On characterizing the Browns secondary’s training camp thus far:

“I would say we are working. It is a day-by-day process. It is camp so there are offensive days and defensive days, but how I feel, it is always just constant work. It is always going to be a journey. It is never a destination of where you have gotten to the point. It is always going to be a journey of you work and get here, and now it is time to take the next step next step next step.”


On how hard was it to see S Grant Delpit sustain an injury during practice:

“It was terrible for me to see. I was right there watching it when it happened. Seeing him in a training room, it really tore me a part. I hate seeing players injured because we are in the same realm right now so we all have love for each other. Seeing one of your brothers go down like that, it is a terrible feeling. I saw  him in the training room and I just told him, ‘Keep your head up Just constantly keep your head up. We have your back.’ I always keep in touch with him. I hate seeing players get injured. It was tough for me. I really almost shed a tear just seeing him and how he was. I am praying for him every night.”


On if he will make it a point to still make Delpit feel connected to the team and keep in touch with him as he rehabs:

“Oh yeah, definitely. Once you get on this team, especially as a DB group, you are a brother. We do not want him to feel left out or anything. I tell him, ‘You can reach out to me if you need anything.’ Like I said, I am always here to help anybody who I can help. That has always been my motto.”


On if he may take on a bigger role this year with Delpit out:

“It is going to be up to the coaches. Like I said, all I do is work. I like to stay in the present moment. I never thought too far ahead. Whatever it is going to be, it is going to be. I just put my head down and keep working. I always prided myself on whatever role the team needs me to do, that is what I am going to be able to do.”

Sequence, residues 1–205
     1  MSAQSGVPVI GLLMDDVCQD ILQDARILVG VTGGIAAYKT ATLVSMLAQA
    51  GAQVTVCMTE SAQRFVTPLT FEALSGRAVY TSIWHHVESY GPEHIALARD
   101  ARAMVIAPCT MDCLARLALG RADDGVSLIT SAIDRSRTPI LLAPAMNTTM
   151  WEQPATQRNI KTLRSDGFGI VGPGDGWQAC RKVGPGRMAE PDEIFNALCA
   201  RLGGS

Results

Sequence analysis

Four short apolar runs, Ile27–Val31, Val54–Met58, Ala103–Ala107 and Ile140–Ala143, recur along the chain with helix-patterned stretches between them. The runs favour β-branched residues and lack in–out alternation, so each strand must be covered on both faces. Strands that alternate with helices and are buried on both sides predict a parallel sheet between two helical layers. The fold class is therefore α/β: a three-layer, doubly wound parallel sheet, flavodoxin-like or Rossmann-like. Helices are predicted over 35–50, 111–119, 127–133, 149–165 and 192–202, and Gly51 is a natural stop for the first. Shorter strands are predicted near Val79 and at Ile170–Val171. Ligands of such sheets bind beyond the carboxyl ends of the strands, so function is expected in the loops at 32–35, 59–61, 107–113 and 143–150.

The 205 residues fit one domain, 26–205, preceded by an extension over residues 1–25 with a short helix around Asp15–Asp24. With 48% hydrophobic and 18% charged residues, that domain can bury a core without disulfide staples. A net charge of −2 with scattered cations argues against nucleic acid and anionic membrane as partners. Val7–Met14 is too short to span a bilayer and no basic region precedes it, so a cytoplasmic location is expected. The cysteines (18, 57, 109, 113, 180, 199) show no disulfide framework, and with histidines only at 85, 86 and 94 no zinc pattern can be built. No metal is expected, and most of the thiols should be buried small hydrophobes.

On what he learned during his rookie season about his NFL potential:

“I definitely feel like I could have success. It is a growing process. Every day, it is a growing process. I feel like my rookie year was a good springboard for me, but personally, I just have to take that next step. I feel like I could be a great player in this league. I am going to be consistent and work on me every day. I have always prided myself on I don’t make excuses. If something goes wrong, I never look to the next man. It has always been me. I would rather somebody put the blame on me than have somebody else take the blame for anything.”


On his comfort level going into his second season:

“I have a high comfort level. Like I said, last year was a good springboard for me. I just feel like it is upon me to take the next step. It is really my time where I feel like I have to take the next step to where I can jump out on film and where I am moving like a blur, faster than everyone, being able to diagnose plays and being able to do that type of stuff because I know I have it in me. It is just time to show it.”


On how Stefanski has handled adversity when coaching the team, including responding to COVID-19 and bringing multiple players together on the social justice leadership committee:

“Showed a lot. It showed the type of man he is. He has been a great leader. In spite of all that has been going on, he has just hammered down on us keeping our heads and never letting anything get too out of control. Basically, getting us to understand that it sucks, but it sucks for everybody around. Everybody is going through it. The team that comes out of it the best will play the best. He has been a great leader in that field. The social justice committee, that has been great. That was a great addition to what we have been doing here. Like I said, this is something I am hard-down passionate about. I love the way he has been handling it. He wants to see a change made. We all want to see a change made. We are going to do our best to make whatever has to happen, happen.”